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Chapter: Nutrition and Diet Therapy: Diet During Late Adulthood

Special Considerations for the Chronically Ill Older Adult

It is estimated that 85% of people over 65 have one or more chronic diseases or physical problems.


It is estimated that 85% of people over 65 have one or more chronic diseases or physical problems. Examples include osteoporosis, arthritis, cataracts, cancer, diabetes mellitus, hypertension, heart disease, and periodontal disease. The branch of medicine that is involved with diseases of older adults is called geriatrics.




Osteoporosis is a condition in which the amount of calcium in bones is reduced, making them porous. It is estimated that 28 million older adults have osteo-porosis, and 80% of these are women. A bone density scan can be done with a special X-ray to determine if one has osteoporosis. It is typically unnoticed at its onset, which occurs at approximately age 45, and it may not be noticed at all until a fracture occurs. One of its symptoms is a gradual reduction in height.


Doctors are not certain of its cause. It is thought that years of a sedentary life coupled with a diet deficient in calcium, vitamin D, and fluoride contribute to it, as does estrogen loss, which occurs after menopause. Physicians are recommending estrogen replacement therapy (ERT) to help prevent osteopo-rosis. Some doctors are also advising clients to consume 1,500 mg of calcium, which would require the daily consumption of over 1 quart of milk or its equiv-alent. Calcium tablets, preferably calcium carbonate, could be used instead, but the client would also require supplementary vitamin D if sunshine were unavailable year-round or if the client were homebound. A diet with sufficient calcium and vitamin D plus an appropriate exercise program begun early in the adult years is thought to help prevent this disease.


Another possible cause of osteoporosis may be a diet containing excessive amounts of phosphorus, which can speed bone loss. It is known that Americans are ingesting increasing amounts of phosphorus. Sodas and processed foods contain phosphorus, and their consumption is increasing as milk consumption is decreasing in the United States. Some believe that periodontal disease may be a harbinger of osteoporosis. Periodontal disease is characterized by bone loss in the jaw, which can lead to loosened teeth and infection in the gums.


Arthritis is a disease that causes the joints to become painful and stiff. It results in structural changes in the cartilage of the joints. A client with arthritis should be especially careful to avoid overweight because the extra weight adds stress to joints that are already painful. If the client is overweight, a weight reduction program should be instituted.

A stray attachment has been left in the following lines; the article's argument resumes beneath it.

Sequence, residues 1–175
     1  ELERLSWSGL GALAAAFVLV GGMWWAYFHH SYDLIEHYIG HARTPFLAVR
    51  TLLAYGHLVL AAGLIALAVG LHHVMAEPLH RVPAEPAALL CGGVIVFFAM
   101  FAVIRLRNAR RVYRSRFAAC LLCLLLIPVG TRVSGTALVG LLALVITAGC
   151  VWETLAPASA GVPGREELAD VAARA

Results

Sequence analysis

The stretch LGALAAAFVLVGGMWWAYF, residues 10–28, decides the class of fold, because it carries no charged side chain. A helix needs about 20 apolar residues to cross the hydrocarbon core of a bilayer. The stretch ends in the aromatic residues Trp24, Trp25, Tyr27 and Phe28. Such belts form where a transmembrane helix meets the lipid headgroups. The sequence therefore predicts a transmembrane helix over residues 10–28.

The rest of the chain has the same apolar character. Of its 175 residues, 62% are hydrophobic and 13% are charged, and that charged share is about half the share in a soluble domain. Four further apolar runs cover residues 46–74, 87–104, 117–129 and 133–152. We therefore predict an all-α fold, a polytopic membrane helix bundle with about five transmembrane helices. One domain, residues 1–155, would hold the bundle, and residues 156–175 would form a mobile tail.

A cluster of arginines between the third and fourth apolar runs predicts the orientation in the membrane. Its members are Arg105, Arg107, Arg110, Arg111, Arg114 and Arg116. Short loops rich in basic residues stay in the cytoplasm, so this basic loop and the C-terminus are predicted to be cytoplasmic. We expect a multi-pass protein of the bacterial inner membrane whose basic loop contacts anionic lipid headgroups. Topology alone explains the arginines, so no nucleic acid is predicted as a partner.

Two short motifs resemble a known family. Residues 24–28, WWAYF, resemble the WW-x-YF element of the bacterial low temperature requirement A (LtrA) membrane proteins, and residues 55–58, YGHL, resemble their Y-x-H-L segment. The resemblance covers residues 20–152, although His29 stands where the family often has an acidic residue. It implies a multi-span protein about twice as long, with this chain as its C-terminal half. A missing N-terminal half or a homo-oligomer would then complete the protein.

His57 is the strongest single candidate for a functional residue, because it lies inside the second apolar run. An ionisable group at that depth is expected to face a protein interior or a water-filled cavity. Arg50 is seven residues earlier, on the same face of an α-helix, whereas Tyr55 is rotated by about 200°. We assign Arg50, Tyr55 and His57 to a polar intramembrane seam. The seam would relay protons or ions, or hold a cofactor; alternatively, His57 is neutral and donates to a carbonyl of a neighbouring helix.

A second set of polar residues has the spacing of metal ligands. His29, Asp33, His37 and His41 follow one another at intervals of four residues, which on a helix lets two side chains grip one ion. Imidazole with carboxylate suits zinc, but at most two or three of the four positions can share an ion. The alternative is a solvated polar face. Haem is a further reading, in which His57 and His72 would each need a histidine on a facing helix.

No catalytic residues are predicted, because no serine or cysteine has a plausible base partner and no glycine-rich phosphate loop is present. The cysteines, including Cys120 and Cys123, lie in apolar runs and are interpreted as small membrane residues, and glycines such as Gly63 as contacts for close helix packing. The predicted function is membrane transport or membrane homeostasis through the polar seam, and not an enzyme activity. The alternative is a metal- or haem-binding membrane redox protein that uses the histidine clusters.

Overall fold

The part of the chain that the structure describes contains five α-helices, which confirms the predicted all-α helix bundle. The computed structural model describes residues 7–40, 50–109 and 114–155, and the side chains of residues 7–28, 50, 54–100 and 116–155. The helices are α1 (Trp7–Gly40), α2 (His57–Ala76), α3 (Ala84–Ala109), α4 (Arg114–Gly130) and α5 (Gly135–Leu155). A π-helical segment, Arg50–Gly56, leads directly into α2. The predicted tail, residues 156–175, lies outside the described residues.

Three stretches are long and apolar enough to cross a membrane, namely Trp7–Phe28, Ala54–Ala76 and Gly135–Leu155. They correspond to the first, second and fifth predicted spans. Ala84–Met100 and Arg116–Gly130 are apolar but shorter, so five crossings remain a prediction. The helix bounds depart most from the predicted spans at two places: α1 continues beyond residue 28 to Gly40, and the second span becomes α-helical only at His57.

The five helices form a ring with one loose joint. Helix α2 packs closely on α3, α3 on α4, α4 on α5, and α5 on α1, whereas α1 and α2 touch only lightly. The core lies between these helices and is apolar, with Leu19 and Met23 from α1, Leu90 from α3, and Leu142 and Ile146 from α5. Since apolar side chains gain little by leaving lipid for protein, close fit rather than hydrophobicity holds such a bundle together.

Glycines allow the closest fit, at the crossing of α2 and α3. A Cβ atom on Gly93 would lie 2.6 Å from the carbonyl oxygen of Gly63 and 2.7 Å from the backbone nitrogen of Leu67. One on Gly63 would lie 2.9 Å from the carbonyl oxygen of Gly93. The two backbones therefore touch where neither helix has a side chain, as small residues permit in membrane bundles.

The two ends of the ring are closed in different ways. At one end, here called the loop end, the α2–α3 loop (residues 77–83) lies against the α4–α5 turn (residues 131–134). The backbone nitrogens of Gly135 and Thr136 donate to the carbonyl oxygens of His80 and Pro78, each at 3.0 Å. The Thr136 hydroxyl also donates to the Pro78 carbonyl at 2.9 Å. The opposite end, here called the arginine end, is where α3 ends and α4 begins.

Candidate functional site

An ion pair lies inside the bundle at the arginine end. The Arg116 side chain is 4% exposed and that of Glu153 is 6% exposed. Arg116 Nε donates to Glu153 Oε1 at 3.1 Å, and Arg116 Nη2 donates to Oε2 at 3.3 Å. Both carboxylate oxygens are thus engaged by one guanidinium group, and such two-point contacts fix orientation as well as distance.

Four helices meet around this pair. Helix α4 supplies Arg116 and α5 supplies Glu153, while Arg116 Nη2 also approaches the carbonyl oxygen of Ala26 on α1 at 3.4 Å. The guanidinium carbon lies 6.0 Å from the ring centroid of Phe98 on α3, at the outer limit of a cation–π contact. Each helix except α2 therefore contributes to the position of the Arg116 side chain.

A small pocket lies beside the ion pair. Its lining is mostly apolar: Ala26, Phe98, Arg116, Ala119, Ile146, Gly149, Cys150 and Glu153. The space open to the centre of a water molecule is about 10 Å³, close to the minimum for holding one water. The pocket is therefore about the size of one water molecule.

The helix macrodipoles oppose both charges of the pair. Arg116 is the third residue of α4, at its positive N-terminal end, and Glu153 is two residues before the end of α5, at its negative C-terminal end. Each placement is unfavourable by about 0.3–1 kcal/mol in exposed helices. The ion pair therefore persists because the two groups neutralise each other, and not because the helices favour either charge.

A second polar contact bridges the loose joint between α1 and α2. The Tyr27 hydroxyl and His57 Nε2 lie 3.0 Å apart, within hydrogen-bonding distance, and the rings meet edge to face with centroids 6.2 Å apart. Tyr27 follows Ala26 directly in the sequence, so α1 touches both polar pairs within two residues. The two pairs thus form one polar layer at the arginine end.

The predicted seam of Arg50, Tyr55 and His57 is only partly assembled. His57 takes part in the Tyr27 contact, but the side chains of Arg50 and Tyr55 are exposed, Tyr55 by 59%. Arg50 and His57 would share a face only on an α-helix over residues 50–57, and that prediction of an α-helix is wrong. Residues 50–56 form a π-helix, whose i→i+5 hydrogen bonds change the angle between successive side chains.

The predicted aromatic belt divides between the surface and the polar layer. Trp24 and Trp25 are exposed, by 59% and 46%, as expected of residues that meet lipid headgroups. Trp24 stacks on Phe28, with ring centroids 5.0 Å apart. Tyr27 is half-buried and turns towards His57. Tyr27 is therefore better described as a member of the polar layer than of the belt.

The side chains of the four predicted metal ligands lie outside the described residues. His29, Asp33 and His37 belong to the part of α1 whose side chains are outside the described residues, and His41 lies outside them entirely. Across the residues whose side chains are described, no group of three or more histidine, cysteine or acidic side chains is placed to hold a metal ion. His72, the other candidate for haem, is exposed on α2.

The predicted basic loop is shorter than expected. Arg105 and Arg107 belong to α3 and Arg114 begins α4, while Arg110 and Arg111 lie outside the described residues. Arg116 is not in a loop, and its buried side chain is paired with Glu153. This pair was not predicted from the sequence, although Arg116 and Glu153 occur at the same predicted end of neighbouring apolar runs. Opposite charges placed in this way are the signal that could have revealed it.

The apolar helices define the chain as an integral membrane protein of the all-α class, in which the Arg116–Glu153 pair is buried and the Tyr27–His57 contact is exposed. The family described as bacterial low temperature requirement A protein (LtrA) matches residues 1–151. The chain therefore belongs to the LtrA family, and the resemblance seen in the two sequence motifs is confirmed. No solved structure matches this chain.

The regular use of aspirin by these clients may cause slight bleeding in the stomach lining and subsequent anemia, so their diets may require additional iron. Arthritis can greatly complicate a client’s life because it may partially or completely immobilize the client so much that shopping, moving around, and cooking become difficult.

Aspirin and other anti-inflammatory drugs do help relieve the pain of arthritis, but there is as yet no cure. Clients should be well informed of this to prevent them from wasting their money on so-called miracle cures recommended by health food faddists or quacks.


Research about the role of nutrition in cancer development continues. The American Cancer Society has indicated that diets consistently high in fat or low in fiber and vitamin A may contribute to cancer.

Diabetes Mellitus

Diabetes mellitus is a chronic disease. It develops when the body does not produce sufficient amounts of insulin or does not use it effectively for normal carbohydrate metabolism. Diet is very important in the treatment of diabetes.


Hypertension, or high blood pressure, can lead to strokes. It is associated with diets high in salt or possibly low in calcium. Most Americans ingest from two to six times the amount of salt needed each day. It is thought that the earlier a person reduces salt intake, the better that person’s chances of avoiding hyper-tension, particularly if there is a family history of it.

Heart Disease

Heart attack and stroke are the major causes of death in the United States.They occur when arteries become blocked (occluded), preventing the normal passage of blood. These occlusions (blockages) are caused by blood clots that form and are unable to pass through an unnaturally narrowed artery. Arteries are narrowed by plaque, a fatty substance containing cholesterol that accumulates in the walls of the artery. This condition is called atherosclerosis. It is believed that excessive cholesterol and saturated fats in the diet over many years contribute to this condition. 

Effects of Nutrition 

Current research about the role of nutrition in preventing or relieving these chronic diseases continues. The effects of nutrition are cumulative over many years. The effects of a lifetime of poor eating habits cannot be cured overnight. When diets have been poor for a long time, prevention of these chronic diseases may not be possible. It may be possible, however, to use nutrition to help stabi-lize the condition of a client who has one of these diseases. The prevention of many of the diseases of the elderly should begin in one’s youth (Figure 15-2).


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